Chris Wickham has argued that polities whose political economy is based on grants of land (as opposed, say, to tax and salaries) are intrinsically unstable. Here’s a text in support of his argument, written by Archbishop Hincmar of Reims in 876 – the De villa noviliaco, a text surviving in a single ninth-century manuscript (Paris lat. 10758).
In it, Hincmar recounts the complex history of the villa (estate) of Neuilly. King Carloman granted this estate to the church of Reims in the late eighth century; the grant was confirmed by Charlemagne who nevertheless gave it in benefice to a Saxon named Anscher. Later, Charlemagne’s son Louis gave it to a count named Donatus. Legally, these grants in benefice did not overturn Reims’s ultimate ownership. However, Donatus craftily sliced off some holdings from the benefice which his family would later claim were entirely his.
When Emperor Louis’s sons rebelled against him, Donatus had to make a political choice; unfortunately for him, he made the wrong decision, joining Lothar just before Lothar surrendered. Neuilly was duly taken from Donatus, and given to a certain Hatto. But when Hatto died, Donatus and his family got it back again. However, when Louis the German invaded the western Frankish kingdom in 858, Donatus’s widow Landrada read the politics wrong once again, deserting Charles to join Louis. When Charles re-established control, he therefore took the estate from Landrada and gave it to the monastery of Orbais. Only then did Hincmar finally manage to get Neuilly back for Reims, shortly followed by the associated holdings stolen by Donatus. Hincmar did not keep the estate in house, however, preferring to grant it out in benefice to clients, Rothaus and Bernaus.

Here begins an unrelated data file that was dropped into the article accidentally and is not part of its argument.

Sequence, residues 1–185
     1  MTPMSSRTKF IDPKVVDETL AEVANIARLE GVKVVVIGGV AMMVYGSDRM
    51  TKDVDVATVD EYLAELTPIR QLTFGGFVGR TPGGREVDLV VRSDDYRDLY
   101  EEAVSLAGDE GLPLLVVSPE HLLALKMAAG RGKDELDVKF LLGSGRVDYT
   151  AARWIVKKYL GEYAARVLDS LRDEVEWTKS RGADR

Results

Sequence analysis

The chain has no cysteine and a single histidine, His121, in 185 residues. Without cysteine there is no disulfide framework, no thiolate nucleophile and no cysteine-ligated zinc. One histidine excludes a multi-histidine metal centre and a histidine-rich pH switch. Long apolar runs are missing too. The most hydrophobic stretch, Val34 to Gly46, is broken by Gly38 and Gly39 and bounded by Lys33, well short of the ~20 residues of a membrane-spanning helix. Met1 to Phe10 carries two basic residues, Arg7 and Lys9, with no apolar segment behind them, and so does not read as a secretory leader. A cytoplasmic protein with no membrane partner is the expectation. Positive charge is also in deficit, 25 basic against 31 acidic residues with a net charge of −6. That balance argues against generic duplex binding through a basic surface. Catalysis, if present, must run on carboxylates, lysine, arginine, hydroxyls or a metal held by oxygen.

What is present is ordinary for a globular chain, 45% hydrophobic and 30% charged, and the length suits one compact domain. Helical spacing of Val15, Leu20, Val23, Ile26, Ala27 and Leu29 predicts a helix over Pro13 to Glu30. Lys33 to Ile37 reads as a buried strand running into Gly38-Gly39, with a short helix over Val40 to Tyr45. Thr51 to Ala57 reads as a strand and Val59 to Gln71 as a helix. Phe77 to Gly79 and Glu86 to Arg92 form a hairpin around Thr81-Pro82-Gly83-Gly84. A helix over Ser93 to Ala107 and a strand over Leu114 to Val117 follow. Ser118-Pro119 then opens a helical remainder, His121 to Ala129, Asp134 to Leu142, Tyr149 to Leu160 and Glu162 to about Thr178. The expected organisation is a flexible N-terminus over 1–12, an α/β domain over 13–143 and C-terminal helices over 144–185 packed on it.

Donatus’s family was down but not out, however, for when Louis the German invaded again in 874 (while King Charles was in Italy), his and Landrada’s sons managed to get the estate back from Queen Richildis, presumably in return for their political and maybe military support. Not until Charles’s return from Italy was this grant overturned thanks to Hincmar’s lobbying.
The estate of Neuilly thus changed hands at least eleven times in around a century. Hincmar thought Reims had the better claim – and used the written word to prove it, referring to several charters none of which now survive. But the family of Donatus thought otherwise, and had their own established hereditary claim which had twice been honoured. We cannot know what they would have made of Hincmar’s arguments, but mostly likely they would have argued that although Reims owned Neuilly, they had a family claim to it as a benefice. Perhaps the families of Hatto, Anscher and Bernaus (each of who had held at it some point) would have seen things differently again.
Who had the best claim to Neuilly was therefore a political question, which is why Hincmar wrote and preserved his (doubtless partisan) account. But what Hincmar’s history does show quite unequivocally is how tensions over landholding made Frankish politics in the ninth century very unstable. For there was always someone waiting for the right opportunity to press long-harboured claims over some estate – and no shortage of rival kings willing to provide that opportunity.